The U.S. Congress has a little less than two months to raise the $14.3 trillion debt ceiling or possibly default on its debt. Treasury Secretary Timothy Geithner says not allowing the Treasury to raise the debt limit would be "catastrophic" for the economy.
Geithner is crying wolf according to Chris Whalen, a banking industry analyst and co-founder of Institutional Risk Analytics. Whalen argues Congress should vote against raising the debt ceiling unless they agree to major spending cuts. "Congress has the right to say 'no' and the people of the United States have a right to say 'no' we don't want to issue more debt," he tells Aaron Task in the accompanying clip.
Furthermore, Geithner's assessment is downright wrong, Whalen says. In his professional opinion, not raising the debt ceiling has "no downside" as the government can continue to pay off its debt for months before defaulting. In the meantime, some of its bill might go unpaid, but debt holders won't suffer, at least right away.
"My view is that Congress should vote down any debt ceiling measure unless President Obama agrees to sign the balanced budget amendment. Even if Secretary Geithner has to run the US government on cash, like the good people of Iceland and Ireland today, it will be a good thing for America's political debate to default — at least for a few weeks. Then people will know that the once unthinkable is very possible."
At the time, Whalen's comments were viewed as radical, and some say still are. However, in recent weeks, he seems to be gaining more support from some of Wall Street's heavy hitters. For example, in a recent interview with the Wall Street Journal hedge fund billionaire Stanley Druckenmiller echoed some of Whalen's rhetoric.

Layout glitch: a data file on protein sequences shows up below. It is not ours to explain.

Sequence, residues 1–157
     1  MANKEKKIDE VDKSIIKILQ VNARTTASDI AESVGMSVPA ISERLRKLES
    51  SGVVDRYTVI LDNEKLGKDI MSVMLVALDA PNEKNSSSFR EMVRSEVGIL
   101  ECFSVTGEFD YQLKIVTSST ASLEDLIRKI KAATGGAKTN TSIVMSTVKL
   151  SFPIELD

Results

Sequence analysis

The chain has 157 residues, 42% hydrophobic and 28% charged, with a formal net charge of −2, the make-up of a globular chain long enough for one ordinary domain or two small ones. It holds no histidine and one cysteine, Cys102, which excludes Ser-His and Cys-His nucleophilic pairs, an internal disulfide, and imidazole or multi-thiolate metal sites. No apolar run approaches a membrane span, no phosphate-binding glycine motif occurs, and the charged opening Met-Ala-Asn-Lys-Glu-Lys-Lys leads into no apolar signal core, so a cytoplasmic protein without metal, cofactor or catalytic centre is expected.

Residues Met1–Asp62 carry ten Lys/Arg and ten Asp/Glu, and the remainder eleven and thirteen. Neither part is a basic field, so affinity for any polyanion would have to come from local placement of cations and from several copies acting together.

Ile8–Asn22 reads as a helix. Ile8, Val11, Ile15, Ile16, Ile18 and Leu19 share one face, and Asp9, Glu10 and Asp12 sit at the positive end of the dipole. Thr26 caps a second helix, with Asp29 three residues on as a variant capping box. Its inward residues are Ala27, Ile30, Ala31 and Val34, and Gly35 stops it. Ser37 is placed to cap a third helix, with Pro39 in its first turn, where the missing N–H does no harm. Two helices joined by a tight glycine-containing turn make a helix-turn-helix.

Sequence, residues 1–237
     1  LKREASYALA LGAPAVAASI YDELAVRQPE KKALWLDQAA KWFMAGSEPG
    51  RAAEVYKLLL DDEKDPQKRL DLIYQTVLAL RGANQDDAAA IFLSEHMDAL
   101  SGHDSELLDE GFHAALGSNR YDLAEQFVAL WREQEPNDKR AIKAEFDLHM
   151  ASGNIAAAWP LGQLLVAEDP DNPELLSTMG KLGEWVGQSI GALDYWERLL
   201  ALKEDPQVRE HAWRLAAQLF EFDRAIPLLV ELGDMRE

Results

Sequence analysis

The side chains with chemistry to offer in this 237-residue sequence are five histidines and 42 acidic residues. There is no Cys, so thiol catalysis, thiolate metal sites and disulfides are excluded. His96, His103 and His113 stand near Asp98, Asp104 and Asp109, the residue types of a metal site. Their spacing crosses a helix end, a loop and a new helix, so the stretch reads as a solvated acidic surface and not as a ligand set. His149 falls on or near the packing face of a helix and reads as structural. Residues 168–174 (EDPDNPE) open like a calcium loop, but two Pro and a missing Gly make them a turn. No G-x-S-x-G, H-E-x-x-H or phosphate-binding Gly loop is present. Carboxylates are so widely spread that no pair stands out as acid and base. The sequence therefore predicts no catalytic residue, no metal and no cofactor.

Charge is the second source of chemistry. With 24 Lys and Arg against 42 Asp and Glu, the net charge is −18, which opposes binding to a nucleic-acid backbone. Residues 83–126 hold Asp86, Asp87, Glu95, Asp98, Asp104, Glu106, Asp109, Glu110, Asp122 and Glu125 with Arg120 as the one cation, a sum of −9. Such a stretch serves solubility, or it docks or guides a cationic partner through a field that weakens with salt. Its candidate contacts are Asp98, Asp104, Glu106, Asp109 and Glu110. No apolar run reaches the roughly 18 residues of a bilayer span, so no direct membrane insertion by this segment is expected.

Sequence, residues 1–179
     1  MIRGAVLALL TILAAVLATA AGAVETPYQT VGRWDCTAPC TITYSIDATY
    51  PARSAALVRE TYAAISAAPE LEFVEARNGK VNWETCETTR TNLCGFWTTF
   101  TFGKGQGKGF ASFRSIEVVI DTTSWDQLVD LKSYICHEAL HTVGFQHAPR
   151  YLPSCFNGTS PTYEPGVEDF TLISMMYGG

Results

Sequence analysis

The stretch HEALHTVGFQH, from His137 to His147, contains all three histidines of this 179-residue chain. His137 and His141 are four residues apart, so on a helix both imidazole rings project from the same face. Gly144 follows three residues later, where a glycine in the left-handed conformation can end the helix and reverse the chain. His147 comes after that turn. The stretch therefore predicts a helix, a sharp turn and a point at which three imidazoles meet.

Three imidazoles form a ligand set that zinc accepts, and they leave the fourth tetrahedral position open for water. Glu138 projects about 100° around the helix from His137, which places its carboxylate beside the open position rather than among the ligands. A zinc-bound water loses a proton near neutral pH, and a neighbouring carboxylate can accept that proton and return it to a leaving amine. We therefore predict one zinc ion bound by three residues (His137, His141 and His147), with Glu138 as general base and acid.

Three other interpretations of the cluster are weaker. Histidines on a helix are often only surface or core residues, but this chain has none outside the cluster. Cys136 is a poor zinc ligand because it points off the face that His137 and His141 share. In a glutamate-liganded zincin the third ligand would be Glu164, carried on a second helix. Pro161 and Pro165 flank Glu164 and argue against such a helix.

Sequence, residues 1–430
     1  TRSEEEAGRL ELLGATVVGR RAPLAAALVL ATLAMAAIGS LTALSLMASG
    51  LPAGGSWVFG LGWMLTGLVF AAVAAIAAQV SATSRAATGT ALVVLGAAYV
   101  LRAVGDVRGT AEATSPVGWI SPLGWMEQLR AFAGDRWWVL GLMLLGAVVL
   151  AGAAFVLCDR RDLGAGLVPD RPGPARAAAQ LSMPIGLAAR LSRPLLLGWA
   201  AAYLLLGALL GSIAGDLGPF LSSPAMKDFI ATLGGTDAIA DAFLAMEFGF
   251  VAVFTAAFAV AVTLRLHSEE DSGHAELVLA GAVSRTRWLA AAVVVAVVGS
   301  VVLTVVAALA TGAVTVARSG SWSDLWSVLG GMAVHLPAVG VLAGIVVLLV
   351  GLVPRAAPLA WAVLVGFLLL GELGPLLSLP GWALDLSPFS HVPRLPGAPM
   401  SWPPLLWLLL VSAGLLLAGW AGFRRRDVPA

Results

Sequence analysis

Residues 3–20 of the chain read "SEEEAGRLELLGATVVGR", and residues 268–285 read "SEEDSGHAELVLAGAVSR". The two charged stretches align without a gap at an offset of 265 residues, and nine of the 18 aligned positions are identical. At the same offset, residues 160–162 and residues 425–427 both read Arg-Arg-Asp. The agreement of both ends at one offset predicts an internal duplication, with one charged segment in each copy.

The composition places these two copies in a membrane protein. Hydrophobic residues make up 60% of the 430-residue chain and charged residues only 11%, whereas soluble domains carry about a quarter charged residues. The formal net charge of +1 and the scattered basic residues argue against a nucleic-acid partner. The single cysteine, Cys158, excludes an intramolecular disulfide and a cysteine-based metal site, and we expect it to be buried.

"Here are your two options: piece of paper number one—let's just call it a 10-year Treasury. So I own this piece of paper. I get an income stream obviously over 10 years . . . and one of my interest payments is going to be delayed, I don't know, six days, eight days, 15 days, but I know I'm going to get it. There's not a doubt in my mind that it's not going to pay, but it's going to be delayed. But in exchange for that, let's suppose I know I'm going to get massive cuts in entitlements and the government is going to get their house in order so my payments seven, eight, nine, 10 years out are much more assured."
No one knows what will happen if the Congress does not raise the debt limit or if there's even a good chance of it happening, but Whalen is holding out hope: "If we don't have consequences in politics then we end up with what we've seen in the last 30 years, which is a permanent political class."